Natalia: I intend to try my hand at longer things—a novella, a short story collection, that sort of thing. Probably not a novel, though, unless it’s a fix-up. I love fragmentation, and neat narratives make me suspicious. Perhaps that’s my shortcoming.
Kerstin: Which story are you most proud of?
Natalia: I try to do better with each new story (the meaning of “better” being totally arbitrary here), so my favourite thing tends to be the last thing I wrote. I have a bunch of forthcoming stories that I am particularly fond of. I do have soft spots for older stories as well, though: “The Ravens’ Sister” in KROnline, for example, is one I still love a lot. “The Singing Soldier” in Shimmer is another.
Kerstin: You write in both English and Greek. How do you choose which stories are written in which language?
Natalia: Unfortunately, the truth is that I rarely write in Greek anymore. I do have a few stories forthcoming in Greek, but these are translations done by some wonderful Greek writers rather than myself. I still get the occasional urge to write something in Greek; when that happens, it’s usually a turn of phrase that can only exist in Greek that dictates the choice, or the texture of the language itself.
Kerstin: “The Tunnel” might be described as a journey through depression, but it does not allow for the happy—or even hopeful—ending that a reader might expect. Could you discuss why you wrote the piece this way?
Natalia: This story is semi-autobiographical in the sense that it carries a lot of elements that are true for me; for instance, my partner and I did make that journey by train across Europe around the time we started trying to have a child. This is when the idea for this story came about. Not being able to have a baby can be heavy stuff for some people, and from where I am right now it felt dishonest to pretend that there is a happy ending to this story, or even a resolution, at least from Katrina’s point of view. There probably is; I just haven’t found it yet.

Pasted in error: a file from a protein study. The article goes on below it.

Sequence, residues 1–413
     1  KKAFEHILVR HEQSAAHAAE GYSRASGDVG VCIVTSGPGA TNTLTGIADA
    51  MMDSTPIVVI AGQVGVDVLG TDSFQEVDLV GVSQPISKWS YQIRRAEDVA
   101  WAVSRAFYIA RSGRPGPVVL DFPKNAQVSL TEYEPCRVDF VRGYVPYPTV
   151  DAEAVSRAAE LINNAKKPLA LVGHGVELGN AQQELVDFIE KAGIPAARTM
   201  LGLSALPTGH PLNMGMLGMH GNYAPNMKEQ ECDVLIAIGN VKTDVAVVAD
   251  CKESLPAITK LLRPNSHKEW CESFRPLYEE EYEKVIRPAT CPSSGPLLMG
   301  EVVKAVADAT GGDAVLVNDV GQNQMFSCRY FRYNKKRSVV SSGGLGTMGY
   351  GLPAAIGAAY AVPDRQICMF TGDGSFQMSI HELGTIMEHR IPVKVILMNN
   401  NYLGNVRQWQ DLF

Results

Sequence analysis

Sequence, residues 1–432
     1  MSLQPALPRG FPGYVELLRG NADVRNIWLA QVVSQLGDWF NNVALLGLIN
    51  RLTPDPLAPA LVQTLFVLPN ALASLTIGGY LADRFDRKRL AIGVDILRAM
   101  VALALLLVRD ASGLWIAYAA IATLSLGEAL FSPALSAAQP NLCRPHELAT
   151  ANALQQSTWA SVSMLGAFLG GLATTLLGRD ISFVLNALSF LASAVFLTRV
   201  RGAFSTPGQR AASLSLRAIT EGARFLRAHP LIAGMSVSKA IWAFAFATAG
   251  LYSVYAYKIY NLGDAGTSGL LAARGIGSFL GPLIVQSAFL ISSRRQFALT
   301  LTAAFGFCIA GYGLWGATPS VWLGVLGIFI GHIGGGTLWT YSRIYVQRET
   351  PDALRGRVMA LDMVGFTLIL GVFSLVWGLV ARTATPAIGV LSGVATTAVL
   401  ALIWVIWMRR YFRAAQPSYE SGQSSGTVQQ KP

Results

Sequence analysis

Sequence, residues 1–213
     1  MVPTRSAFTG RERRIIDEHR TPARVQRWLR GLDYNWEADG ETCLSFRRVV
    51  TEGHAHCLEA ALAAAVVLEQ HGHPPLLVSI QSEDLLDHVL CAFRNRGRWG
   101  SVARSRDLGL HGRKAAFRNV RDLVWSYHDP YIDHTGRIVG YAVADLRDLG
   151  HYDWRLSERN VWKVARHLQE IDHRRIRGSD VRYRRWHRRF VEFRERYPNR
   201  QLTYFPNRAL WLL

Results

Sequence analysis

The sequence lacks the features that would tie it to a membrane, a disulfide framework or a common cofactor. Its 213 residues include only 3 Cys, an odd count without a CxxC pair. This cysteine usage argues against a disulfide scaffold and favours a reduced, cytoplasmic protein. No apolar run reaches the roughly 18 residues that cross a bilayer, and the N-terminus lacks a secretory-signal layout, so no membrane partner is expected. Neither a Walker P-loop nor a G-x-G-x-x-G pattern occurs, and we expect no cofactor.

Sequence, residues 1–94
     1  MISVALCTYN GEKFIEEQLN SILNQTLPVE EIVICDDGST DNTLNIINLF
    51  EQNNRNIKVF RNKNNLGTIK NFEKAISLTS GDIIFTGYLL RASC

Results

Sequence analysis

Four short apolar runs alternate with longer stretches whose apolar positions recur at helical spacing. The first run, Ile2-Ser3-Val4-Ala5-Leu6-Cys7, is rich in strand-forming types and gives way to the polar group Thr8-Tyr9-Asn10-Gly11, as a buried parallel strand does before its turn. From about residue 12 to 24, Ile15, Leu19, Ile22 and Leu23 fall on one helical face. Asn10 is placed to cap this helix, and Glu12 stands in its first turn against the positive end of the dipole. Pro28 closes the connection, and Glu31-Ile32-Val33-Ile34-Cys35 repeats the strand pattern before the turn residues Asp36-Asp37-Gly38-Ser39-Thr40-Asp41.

Kerstin: Why did you choose to make interactive fiction out of this particular narrative?
Natalia: My initial desire was to give the reader the opportunity to read the same story from multiple points of view, partly so that they could find that release from the bleakness of Katrina’s tunnel. I quickly found out that I couldn’t tell the story from other POVs though; Katrina’s darkness sucked everyone in. My take on the narrative was too personal, and I was too entangled in it to empathize with anyone other than Katrina. This is how the metatext came about, and how the interactivity became more about exploring one point of view from multiple, including self-reflexive, angles, rather than delving into other characters.
Kerstin: What is the best thing you have read recently?
Natalia: I’ll start sounding like a broken record, because I’m sure I’ve said this elsewhere already, but everyone should go read Vajra Chandrasekera’s “Applied Cenotaphics in the Long, Long Longitudes” in Strange Horizons. It’s just excellent.
Kerstin: Pizza or curry?
Natalia: Curry, always.